Topical Tuesday – Bathroom Rights

I felt the need to weigh in on this controversial subject as soon as I heard about the new laws passed in North Carolina’s House Bill 2.  For those of you, perhaps living in a different part of the world, who have missed the furore arising from this legislation, let me explain.  North Carolina’s legislature took  it upon themselves to pass a law making it mandatory for its citizens only to use public bathrooms designated for their anatomical gender of birth.  The implication of this ruling was clearly designed to target transgender people wishing to use a bathroom associated with the gender with which they most strongly identify.  My immediate reaction to this development was to recall the discriminatory bathrooms of the apartheid era in South Africa, which I witnessed first hand on visits in the 80’s.  The exclusion of people of color from ‘white only’ bathrooms was apparently a feature of the deep south in the US not so many decades ago.  For the record, it is important to point out here that the law only applies to state owned bathrooms and not public bathrooms associated with private businesses.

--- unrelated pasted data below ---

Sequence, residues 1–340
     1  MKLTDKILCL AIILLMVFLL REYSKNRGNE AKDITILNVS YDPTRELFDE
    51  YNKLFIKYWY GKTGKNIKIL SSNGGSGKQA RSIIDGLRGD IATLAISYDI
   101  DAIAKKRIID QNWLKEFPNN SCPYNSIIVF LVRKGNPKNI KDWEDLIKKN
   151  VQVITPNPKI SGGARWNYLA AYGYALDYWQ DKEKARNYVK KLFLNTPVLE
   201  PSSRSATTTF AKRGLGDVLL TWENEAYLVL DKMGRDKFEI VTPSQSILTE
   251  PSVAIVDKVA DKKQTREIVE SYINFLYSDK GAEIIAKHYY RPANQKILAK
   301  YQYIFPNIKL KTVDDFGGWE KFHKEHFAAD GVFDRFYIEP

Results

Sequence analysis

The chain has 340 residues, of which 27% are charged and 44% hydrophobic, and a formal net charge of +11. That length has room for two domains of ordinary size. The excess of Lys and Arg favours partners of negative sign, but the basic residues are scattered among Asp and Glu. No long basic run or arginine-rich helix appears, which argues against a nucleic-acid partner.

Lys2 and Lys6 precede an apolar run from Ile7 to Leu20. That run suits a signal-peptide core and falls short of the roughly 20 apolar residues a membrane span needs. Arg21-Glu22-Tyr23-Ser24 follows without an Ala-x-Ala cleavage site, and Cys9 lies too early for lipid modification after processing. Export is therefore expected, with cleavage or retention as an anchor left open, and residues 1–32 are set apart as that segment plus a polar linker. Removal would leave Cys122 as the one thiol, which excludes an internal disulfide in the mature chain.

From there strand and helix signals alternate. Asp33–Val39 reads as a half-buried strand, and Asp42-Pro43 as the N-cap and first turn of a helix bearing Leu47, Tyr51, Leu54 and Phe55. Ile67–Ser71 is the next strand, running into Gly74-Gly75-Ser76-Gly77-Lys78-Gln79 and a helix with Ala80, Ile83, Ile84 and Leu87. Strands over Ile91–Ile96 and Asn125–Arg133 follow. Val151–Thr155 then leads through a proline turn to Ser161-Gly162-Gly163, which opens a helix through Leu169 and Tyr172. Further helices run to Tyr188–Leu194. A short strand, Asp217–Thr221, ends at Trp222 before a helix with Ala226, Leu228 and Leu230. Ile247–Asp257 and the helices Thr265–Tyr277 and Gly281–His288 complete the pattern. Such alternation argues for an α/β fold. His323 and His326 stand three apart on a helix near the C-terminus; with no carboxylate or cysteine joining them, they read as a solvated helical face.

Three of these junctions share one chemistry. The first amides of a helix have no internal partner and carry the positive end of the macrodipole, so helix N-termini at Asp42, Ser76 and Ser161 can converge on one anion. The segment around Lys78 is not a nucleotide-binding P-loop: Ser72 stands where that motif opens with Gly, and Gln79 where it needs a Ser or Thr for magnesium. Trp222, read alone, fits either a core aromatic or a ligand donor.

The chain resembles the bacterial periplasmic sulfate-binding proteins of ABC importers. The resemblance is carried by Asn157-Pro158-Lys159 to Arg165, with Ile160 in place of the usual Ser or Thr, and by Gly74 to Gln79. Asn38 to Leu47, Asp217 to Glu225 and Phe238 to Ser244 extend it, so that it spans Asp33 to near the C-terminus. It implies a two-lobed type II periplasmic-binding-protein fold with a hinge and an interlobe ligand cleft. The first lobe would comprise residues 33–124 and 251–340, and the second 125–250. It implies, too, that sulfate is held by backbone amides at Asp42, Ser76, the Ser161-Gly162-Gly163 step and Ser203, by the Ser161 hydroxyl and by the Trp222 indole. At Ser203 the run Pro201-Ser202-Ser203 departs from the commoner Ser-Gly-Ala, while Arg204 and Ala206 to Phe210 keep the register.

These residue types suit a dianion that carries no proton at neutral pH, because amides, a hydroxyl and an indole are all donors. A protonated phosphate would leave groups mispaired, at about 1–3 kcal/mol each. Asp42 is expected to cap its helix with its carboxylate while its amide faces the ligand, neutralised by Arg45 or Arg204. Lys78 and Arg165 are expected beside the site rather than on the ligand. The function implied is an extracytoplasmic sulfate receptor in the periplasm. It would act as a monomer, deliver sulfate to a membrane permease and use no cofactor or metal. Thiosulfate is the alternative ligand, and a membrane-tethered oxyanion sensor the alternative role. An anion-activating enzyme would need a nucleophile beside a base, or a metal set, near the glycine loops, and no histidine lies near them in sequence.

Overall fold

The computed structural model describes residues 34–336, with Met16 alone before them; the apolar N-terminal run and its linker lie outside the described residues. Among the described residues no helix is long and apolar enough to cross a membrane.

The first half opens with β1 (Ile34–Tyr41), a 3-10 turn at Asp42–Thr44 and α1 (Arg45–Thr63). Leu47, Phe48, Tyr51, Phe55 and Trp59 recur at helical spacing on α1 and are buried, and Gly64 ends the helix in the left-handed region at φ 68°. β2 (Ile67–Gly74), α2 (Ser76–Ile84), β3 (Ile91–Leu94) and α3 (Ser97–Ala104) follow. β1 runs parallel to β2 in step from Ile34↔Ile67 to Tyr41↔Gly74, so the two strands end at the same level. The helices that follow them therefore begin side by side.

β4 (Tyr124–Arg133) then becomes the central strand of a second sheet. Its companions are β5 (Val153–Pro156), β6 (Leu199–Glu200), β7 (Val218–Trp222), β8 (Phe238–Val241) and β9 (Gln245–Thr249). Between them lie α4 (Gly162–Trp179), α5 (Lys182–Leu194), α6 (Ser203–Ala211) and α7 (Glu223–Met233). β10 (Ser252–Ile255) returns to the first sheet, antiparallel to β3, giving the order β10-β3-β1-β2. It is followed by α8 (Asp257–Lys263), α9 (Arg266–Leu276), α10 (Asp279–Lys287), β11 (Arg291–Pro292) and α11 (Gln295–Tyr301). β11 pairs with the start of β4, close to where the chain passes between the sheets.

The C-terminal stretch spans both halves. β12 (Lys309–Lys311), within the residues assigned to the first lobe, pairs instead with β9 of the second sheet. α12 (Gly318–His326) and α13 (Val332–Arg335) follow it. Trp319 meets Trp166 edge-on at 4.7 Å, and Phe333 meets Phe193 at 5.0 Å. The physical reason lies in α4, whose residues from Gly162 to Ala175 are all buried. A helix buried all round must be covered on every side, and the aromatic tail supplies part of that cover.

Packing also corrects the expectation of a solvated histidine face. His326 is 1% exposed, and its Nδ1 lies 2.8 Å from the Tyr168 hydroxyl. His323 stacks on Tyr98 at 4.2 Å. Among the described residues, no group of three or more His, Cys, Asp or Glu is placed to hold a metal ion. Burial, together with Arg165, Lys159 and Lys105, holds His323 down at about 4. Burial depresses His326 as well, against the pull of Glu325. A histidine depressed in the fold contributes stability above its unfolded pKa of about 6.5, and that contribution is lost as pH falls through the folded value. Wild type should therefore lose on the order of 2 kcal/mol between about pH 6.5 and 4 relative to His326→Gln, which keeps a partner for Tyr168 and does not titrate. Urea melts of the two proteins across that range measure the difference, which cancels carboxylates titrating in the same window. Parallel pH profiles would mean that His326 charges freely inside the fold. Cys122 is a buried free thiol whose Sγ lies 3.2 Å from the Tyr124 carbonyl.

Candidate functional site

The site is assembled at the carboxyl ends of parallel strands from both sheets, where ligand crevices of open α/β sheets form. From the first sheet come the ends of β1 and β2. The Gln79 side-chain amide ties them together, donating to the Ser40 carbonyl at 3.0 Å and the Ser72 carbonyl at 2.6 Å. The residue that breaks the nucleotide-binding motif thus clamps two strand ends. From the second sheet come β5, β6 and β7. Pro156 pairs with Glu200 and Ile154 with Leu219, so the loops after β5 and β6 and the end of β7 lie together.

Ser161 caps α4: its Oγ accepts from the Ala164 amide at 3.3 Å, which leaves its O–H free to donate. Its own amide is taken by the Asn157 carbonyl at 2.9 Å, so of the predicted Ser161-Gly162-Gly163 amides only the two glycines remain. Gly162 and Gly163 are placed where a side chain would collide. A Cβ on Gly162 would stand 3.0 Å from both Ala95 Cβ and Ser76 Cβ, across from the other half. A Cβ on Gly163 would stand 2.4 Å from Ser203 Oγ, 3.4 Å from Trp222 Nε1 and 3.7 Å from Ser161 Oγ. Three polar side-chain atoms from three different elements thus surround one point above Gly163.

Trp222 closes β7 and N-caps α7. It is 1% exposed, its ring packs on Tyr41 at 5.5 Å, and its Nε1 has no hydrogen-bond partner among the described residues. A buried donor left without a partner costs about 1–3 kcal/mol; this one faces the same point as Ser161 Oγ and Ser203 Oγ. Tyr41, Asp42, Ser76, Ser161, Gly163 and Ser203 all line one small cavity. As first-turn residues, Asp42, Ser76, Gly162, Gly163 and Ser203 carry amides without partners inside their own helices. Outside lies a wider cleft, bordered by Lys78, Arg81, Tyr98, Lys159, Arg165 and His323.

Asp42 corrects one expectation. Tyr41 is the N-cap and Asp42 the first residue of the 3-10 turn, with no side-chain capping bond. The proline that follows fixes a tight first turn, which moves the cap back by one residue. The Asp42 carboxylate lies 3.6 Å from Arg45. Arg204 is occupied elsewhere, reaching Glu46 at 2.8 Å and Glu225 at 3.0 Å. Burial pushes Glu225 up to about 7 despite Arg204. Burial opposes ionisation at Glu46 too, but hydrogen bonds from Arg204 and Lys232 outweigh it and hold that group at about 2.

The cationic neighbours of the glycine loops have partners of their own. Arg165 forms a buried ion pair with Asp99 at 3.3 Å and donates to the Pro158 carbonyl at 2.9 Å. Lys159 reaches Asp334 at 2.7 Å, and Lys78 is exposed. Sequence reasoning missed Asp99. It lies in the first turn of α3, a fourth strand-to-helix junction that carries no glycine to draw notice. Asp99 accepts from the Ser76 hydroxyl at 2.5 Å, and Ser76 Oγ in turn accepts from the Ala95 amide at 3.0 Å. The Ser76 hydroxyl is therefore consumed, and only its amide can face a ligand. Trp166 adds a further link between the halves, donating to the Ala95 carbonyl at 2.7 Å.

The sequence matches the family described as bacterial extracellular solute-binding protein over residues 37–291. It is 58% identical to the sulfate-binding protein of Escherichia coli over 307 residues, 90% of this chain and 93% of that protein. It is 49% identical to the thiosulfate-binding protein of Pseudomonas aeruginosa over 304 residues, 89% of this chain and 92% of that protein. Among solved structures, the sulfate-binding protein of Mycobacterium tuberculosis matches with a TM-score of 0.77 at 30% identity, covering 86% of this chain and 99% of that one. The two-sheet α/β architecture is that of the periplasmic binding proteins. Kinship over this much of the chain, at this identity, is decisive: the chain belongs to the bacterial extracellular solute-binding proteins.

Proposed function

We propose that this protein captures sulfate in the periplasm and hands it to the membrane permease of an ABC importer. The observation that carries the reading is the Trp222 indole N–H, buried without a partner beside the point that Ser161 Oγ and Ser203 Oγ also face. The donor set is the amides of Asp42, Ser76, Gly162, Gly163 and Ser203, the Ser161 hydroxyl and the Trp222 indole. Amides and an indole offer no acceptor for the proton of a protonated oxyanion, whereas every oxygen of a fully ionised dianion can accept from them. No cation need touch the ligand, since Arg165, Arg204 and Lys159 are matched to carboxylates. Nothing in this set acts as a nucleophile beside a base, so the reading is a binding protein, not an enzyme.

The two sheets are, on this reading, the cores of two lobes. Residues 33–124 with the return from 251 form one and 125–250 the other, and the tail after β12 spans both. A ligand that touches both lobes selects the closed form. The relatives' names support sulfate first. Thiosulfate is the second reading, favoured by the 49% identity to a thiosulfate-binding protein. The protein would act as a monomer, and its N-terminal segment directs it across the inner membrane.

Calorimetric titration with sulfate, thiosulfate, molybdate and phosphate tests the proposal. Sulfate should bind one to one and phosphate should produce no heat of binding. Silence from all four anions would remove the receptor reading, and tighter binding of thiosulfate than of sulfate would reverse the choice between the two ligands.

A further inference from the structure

But, to be fair, what were the salient reasons for passing such a law, and do they stand up to scrutiny?  Or is there another agenda at work here, and if so, what is it?  From all the research I have been able to do on what has become a ‘hot topic’ in the news feeds, it seems the predominant reason for this bill, presented by those in favor, is the protection of the general public from sexual predators and perverts able to operate in an inappropriate environment, i.e. a bathroom reserved for the ‘opposite sex’.  The other reason seems to revolve around a socially conservative agenda adopting a ‘bunker’ mentality when it comes to recognizing the shift in definition of gender roles.  As one commentator observed, ‘the train has already left the station’, and North Carolina’s stance simply highlights a rather old fashioned clinging to ‘Christian’ morals and social mores that are clearly not shared by a majority of the population of the US.